Andrew Robins

Published 16 November 2023

Our Guide to Selling a Financial Services Business

Selling any business is complicated, but selling a financial services business comes with a unique set of issues that need to be carefully considered and addressed if the sale is to be a success. 

Is your business in the financial services sector?

There’s quite a broad range of businesses that may fall under the umbrella of financial services and the associated regulation. These include independent financial advisors (both directly authorised and appointed representatives), mortgage brokers, mortgage advisors, and insurance brokers. If you’re an authorised representative, you will nearly always need to involve your principal in the due diligence process.

Preparing for sale

There may be a variety of reasons and circumstances in which you find yourself selling a financial services business. For example, you may have been approached by a buyer or you may just wish to retire. But whatever the reason, the success of any sale is normally contingent on careful sale planning and preparation.

Goals and objectives

Right at the start of that process is the necessity for you to set your expectations in terms of the financial and lifestyle outcomes you want to achieve. How much do you need or want by way of sale price, now or in the medium-term future?  It’s unlikely that the sale will be a clean break and you may have to remain involved in the business for a period of time, therefore it’s worth deciding how long you are prepared to remain committed and to what extent in terms of your hours or your role.

Other considerations that you will need to take into account during negotiations is whether you have any personal liability tied up in the business (for example, in the shape of a personal guarantee) and to what extent, if any, you are prepared to agree to any restrictive covenants.

Whether you are directly authorised or an authorised representative of a principal firm may also affect your position when it comes to any  warranties/indemnities that are reasonable.   


Although a formal and agreed valuation may be required in due course, it’s really important to get an idea of value at the outset. 

There are a variety of ways to value a financial services business, and each business is different. Common ways to value include calculating the revenue as:

  • a multiple of ongoing advice charges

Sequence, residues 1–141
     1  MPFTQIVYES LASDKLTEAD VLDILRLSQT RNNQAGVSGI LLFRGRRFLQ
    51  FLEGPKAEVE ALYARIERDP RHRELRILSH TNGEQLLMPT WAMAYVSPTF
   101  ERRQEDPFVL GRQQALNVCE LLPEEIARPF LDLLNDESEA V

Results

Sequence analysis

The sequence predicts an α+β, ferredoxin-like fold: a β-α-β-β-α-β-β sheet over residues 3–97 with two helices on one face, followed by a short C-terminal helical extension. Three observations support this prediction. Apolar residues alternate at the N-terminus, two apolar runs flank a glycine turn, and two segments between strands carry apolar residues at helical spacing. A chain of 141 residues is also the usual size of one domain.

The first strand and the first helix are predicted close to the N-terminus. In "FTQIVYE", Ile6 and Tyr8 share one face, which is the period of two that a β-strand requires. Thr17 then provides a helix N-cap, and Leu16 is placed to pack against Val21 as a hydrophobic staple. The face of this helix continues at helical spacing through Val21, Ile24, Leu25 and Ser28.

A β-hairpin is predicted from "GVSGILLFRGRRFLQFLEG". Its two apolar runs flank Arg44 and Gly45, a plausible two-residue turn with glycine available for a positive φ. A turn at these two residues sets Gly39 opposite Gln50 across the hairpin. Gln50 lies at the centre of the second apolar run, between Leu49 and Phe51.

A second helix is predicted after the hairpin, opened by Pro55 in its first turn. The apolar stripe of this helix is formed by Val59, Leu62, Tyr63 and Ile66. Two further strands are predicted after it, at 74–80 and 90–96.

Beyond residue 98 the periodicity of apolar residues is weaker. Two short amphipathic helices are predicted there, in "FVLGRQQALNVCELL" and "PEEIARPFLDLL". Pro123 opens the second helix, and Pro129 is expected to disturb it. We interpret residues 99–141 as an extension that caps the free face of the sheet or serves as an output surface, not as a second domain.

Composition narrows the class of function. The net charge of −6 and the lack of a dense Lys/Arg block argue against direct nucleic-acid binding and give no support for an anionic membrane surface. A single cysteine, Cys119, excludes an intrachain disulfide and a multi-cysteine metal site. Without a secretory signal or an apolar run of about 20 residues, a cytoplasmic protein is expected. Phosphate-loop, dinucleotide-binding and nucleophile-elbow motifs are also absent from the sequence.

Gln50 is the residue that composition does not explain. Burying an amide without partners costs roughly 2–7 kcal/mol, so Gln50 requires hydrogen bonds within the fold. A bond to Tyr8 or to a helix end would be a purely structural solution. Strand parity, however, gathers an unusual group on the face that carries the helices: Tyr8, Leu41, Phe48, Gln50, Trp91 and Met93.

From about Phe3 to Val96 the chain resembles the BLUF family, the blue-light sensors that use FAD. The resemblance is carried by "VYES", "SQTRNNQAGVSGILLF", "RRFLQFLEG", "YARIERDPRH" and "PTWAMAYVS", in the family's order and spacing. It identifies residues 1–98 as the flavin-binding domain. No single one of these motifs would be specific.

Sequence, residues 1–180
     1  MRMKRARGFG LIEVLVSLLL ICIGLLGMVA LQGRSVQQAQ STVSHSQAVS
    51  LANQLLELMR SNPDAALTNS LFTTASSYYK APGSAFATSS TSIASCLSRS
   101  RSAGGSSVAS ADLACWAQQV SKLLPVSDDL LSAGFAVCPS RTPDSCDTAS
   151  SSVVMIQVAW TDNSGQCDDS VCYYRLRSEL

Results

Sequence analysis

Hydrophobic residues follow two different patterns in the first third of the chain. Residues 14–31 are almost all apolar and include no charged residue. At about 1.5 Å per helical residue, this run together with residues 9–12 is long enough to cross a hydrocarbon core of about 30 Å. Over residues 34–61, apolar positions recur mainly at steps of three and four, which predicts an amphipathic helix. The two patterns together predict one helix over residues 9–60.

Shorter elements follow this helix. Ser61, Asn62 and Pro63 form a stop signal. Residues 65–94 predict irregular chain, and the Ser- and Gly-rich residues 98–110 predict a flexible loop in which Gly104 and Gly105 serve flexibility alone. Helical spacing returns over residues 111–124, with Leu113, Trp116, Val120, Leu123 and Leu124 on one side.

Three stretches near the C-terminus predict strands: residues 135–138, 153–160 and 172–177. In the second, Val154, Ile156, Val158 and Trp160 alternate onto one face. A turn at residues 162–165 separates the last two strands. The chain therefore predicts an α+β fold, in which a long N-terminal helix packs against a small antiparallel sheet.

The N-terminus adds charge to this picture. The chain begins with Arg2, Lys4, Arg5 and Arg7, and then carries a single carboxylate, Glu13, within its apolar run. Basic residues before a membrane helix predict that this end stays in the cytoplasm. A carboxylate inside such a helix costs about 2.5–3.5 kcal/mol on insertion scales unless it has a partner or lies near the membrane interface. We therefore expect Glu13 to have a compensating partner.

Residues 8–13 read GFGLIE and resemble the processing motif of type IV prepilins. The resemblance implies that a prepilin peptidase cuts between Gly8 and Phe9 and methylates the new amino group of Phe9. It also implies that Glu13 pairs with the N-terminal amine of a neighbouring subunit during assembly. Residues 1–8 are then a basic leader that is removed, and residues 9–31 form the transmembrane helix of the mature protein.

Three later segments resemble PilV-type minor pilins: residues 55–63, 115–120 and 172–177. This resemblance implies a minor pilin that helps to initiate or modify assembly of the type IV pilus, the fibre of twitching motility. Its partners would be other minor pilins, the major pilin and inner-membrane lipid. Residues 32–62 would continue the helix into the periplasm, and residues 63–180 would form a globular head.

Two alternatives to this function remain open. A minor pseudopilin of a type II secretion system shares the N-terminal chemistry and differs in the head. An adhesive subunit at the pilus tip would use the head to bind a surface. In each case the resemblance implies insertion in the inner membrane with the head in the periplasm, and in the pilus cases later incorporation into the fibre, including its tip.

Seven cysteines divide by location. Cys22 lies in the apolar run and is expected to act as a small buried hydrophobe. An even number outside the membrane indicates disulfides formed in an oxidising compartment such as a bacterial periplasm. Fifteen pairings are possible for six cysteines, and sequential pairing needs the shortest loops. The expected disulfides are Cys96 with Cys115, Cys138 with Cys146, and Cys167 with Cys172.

• a multiple of profit
  • a multiple of earnings

The actual multiple used will vary from business to business. Another useful valuation to perform is to calculate the lowest possible value, namely the liquidation value of any hard assets. That gives you the highest value (revenue value) and the lowest value as parameters within which to work. 

Risk analysis

As part of their due diligence, a buyer will want to understand the risks and your risk management strategy in terms of credit, market and operational risks. With this and the overall due diligence process in mind, it’s important to spend time identifying what the risks are, and what you can do now to mitigate these. This might relate to potential growth or loss, new market trends, or certain key employees.

Client retention

Clearly, many, if not all financial services are built on long-standing client relationships. If you’re closely involved with the business, these relationships may be heavily dependent on you and that means very careful management and planning of any sale. It also means it is highly likely to be necessary for you to remain involved in the business for a period of time post-sale. This in turn may mean that it’s necessary to agree a schedule of deferred payments based on client retention and these will need to be clearly dealt with in the share purchase agreement or asset purchase agreement.  

Your buyer will also want to understand how you require, nurture and retain clients, and you’ll need a well-thought process for informing clients before the sale to ensure they remain loyal to the new owner.

Staff retention

Staff retention can be as important as client retention, particularly if you have experienced and talented employees who have worked with key clients for prolonged periods of time. So again, how you plan and manage this process with your staff will be key.

Being open and transparent will be a big part of this, as well as involving the new owner as early as possible to demonstrate to employees that they are going to be in safe hands.

In some circumstances, it may be appropriate to consider incentives such as retention bonuses or equity ownership in the business. And you may need to demonstrate to the buyer your talent acquisition strategy.

Compliance and due diligence

Financial services are a heavily regulated sector and due diligence is therefore going to be front and centre of any sale. Your buyer is likely to want to inspect all your documentation including financial statements, balance sheets, income statements, cash flow statements, forecasts, anti-money laundering (AML) documents and your data privacy compliance documents. Therefore, it is worth time spent in advance of any sale process ensuring that these are in good order and fully compliant.

Negotiating and drafting

The final piece of the puzzle is the negotiation and careful drafting of either the share purchase agreement or the asset purchase agreement. You can find more information about this here:  An Examination of a SPA.

There is no one-size-fits-all strategy for the sale of a financial services business. Each business will require an individual and considered approach. If you would like to discuss selling a financial services business, please get in touch.

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